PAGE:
Besides the lounges at its bases in Australia (such as the Sydney lounge), Qantas also operates a network of lounges at its outstations. One of those is The Qantas London Lounge at Heathrow airport’s terminal 3 which was opened in November 2017.
I had a chance to visit the lounge prior to my British Airways flight from London to Vienna (one of the few British Airways flights that use terminal 3) back in October 2018. Here’s a review to help you set your expectations before visiting the lounge.
Location, Opening Hours & Access
As mentioned above, The Qantas London Lounge can be found in Heathrow’s terminal 3. It’s located in the same general area – in the central part of the terminal just past security and immigration – as the Cathay Pacific and American Airlines lounges.
The lounge is open every day from 8AM until 9:15PM and is accessible to Qantas and other oneworld as well as Emirates premium class passengers and status holders. (I accessed it using my British Airways Silver status.) Unlike at some of Qantas’ other lounges, there’s no dedicated first class section in the lounge.
I should also note here that the lounge was almost completely empty for the vast majority of my stay between 3PM and 6:30PM.
As can be seen in the pictures above, the lounge’s entrance was nicely decorated with wood. Just past the entrance, there were two reception counters – although only one was staffed when I entered the lounge. And, past those counters was a wooden wall with a cool embedded Qantas logo separating the reception area from the lounge itself.
The lounge was spread across two floors with the first floor serving mainly as a dining area and the second floor taking care of the rest.
On the first floor, right after the reception area, there was a counter-height table with six chairs. Then, there were about twenty or so dining tables with chairs and benches. Most of those were set up for two people.
Finally, there was a bar which – besides the usual drinks – also boasted a wider-than-usual selection of gins. Along the bar, there were some high-top chairs as well as dining chairs. Later in the day, a buffet spread could be found there as well, and the area also served as the lounge’s a la carte restaurant. More on that later, though.
To get to the second floor, one could either take an elevator or walk up the elegant staircase located on the right-hand side of the lounge, just behind the bar.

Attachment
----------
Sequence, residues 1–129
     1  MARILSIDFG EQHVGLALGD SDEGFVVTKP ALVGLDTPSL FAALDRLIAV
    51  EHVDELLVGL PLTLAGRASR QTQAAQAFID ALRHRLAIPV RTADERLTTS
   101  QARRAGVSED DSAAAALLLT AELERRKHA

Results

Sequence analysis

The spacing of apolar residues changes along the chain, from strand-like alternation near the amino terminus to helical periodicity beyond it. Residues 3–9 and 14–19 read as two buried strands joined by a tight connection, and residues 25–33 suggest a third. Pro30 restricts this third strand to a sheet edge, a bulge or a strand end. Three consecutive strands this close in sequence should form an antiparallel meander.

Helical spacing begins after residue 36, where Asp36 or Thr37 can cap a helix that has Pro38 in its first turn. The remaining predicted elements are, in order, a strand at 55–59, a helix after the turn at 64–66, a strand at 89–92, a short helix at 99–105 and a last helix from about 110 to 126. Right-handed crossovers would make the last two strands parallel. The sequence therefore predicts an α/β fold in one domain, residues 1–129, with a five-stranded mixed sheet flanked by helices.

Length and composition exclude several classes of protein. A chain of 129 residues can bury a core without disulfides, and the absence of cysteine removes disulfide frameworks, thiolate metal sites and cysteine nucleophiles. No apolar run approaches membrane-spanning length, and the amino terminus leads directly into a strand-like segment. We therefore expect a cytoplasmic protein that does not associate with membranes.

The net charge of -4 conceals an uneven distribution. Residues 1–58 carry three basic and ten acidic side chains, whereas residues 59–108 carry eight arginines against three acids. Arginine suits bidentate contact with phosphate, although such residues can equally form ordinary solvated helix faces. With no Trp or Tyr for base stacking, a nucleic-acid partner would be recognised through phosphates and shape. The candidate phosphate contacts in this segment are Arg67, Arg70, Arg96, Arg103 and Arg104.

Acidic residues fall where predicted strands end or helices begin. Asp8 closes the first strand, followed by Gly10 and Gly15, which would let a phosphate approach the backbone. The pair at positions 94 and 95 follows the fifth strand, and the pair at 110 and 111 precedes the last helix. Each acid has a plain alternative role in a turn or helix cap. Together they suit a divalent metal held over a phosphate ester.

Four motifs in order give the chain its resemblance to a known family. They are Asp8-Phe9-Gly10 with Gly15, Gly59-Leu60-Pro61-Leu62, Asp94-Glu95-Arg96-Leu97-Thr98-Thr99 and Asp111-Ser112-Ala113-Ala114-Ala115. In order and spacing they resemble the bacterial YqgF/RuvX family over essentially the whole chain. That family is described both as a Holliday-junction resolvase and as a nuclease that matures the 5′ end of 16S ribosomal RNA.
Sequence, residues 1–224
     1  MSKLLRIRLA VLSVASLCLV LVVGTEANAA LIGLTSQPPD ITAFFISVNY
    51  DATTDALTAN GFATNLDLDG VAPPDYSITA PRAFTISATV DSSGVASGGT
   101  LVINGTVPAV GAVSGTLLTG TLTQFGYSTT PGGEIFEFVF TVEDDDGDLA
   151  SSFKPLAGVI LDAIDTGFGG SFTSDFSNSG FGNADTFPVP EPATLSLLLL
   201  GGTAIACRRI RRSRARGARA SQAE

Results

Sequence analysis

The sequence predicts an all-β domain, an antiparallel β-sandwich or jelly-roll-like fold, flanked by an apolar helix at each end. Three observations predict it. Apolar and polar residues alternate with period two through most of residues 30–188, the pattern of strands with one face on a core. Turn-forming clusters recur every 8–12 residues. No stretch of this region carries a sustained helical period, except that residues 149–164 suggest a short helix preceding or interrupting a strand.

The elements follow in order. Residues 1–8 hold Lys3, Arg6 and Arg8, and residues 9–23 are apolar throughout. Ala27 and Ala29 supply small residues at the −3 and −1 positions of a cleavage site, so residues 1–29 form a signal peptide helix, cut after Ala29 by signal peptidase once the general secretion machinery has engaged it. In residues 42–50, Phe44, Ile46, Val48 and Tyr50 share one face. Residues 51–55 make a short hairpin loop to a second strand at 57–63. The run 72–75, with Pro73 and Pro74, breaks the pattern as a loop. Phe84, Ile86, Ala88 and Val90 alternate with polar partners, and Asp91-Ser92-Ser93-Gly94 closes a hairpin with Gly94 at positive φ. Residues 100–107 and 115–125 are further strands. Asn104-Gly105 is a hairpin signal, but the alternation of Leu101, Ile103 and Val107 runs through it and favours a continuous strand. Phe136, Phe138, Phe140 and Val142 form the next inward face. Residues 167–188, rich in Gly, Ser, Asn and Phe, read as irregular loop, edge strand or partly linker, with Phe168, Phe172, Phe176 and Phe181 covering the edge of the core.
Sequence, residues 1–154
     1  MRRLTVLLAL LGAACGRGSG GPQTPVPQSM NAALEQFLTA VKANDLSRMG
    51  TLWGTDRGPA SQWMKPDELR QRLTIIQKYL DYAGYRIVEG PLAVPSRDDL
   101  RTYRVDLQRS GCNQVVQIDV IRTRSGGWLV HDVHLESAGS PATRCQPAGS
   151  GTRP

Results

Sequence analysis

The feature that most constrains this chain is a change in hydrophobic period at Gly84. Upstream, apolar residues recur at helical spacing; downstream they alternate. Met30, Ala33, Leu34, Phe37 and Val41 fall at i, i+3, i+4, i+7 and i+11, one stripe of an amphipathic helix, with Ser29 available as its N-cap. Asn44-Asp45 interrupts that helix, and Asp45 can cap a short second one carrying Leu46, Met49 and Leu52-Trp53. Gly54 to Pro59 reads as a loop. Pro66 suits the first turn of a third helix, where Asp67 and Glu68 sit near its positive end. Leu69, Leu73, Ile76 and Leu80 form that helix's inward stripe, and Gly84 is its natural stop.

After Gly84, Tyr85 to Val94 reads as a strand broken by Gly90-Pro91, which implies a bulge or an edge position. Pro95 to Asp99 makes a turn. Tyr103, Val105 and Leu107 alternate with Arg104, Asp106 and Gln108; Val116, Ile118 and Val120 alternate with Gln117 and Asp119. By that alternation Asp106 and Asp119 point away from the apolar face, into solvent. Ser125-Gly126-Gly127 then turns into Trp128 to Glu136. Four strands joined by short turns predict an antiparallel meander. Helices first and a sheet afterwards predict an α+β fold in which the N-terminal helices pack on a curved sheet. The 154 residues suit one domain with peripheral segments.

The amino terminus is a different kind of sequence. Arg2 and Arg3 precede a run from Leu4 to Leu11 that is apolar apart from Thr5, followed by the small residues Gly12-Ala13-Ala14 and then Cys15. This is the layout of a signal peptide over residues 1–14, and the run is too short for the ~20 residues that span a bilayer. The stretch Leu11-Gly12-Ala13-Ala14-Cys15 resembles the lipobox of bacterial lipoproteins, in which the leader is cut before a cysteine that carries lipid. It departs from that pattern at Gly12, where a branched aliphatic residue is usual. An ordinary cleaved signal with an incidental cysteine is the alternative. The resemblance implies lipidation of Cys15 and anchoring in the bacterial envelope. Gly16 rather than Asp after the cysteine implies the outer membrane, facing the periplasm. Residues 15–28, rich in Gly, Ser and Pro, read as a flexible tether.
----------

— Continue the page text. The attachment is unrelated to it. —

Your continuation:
At the end of the staircase, I was met with the dominant feature of the second floor – a circular bar. Behind the bar, there were windows offering a (very limited) view of the apron.
Besides the bar chairs around the bar itself, the area featured a variety of seating options ranging from individual sofa chairs and big sofas all the way to lounging chairs.
More seating could be found on both sides of the staircase – mainly consisting of sofa chairs and dining tables.
Finally, the back part of the second floor housed the lounge’s main buffet area (which I will talk about in more detail in the next section) and some more seating – mainly in the form of “bench boxes,” but also some sofa chairs.
Other than the above, the second floor also featured a business center with a printer and an iMac, as well as a small kids’ room.
As for the lounge’s shower rooms and restrooms, most of them were located on the second floor. However, there was also a pair of restrooms on the first floor. I found it nice that all of the restrooms were actually individual rooms with their own toilet, sink, etc.
Food and Drinks
Let’s start the overview of the lounge’s food and drinks with one of its more unique features – the a la carte dining. My visit overlapped with the dinner service which started at 6PM. The lounge also offers a brunch menu, but there’s no a la carte dining between brunch and dinner time.
I tried two items from the menu – the heirloom tomato and mozzarella salad and the salt and pepper squid with green chili dipping sauce and aioli. While I enjoyed both of the dishes, I especially liked the squid which seems to be the lounge’s “signature dish.”
The other unique feature of the lounge was its gin bar which was part of the bar on the first floor and offered a selection of more than ten different gins.
Other than that, both the first and the second floor bars offered a standard selection of soft drinks, liquors, coffee, etc. Besides that, there were some syrups, as well as teas in the buffet area on the second floor. There were no canned or bottled drinks in the lounge (the bartenders served soft drinks from dispensers).
As for food other than the a la carte options, there were some light snacks including nuts and cookies at the bar and a more extensive selection of food in the buffet area.
There were a salad bar, a couple of mains, as well as some desserts in the buffet area (see the menu below for full details) – and a similar buffet spread was made available on the first floor during the dinner time as well.
The Qantas Lounge London Summary
I haven’t had a chance to review many of the major airline lounge in Europe yet, but so far The Qantas Lounge is my favorite one out of the ones that I did visit. While it might be underwhelming for first class passengers, when thought of as a business class lounge, I think it really stands out.
The biggest advantage of the lounge – at least during my visit – was the fact that it was empty unlike the overcrowded Cathay Pacific lounge next door. The a la carte dining and two staffed bars were just a nice bonus on top of that.
If there was one thing I wish the lounge had, though, it would be canned and bottled drinks. It would be easier to just grab a can of Coke out of a fridge rather than having to go to the bar, ask for the drink, wait for it to be served, etc.
All in all, though, I really enjoyed my stay in the lounge – especially so considering it was before a 2-hour intra-European flight to Vienna and not before a 20-hour flight to Australia!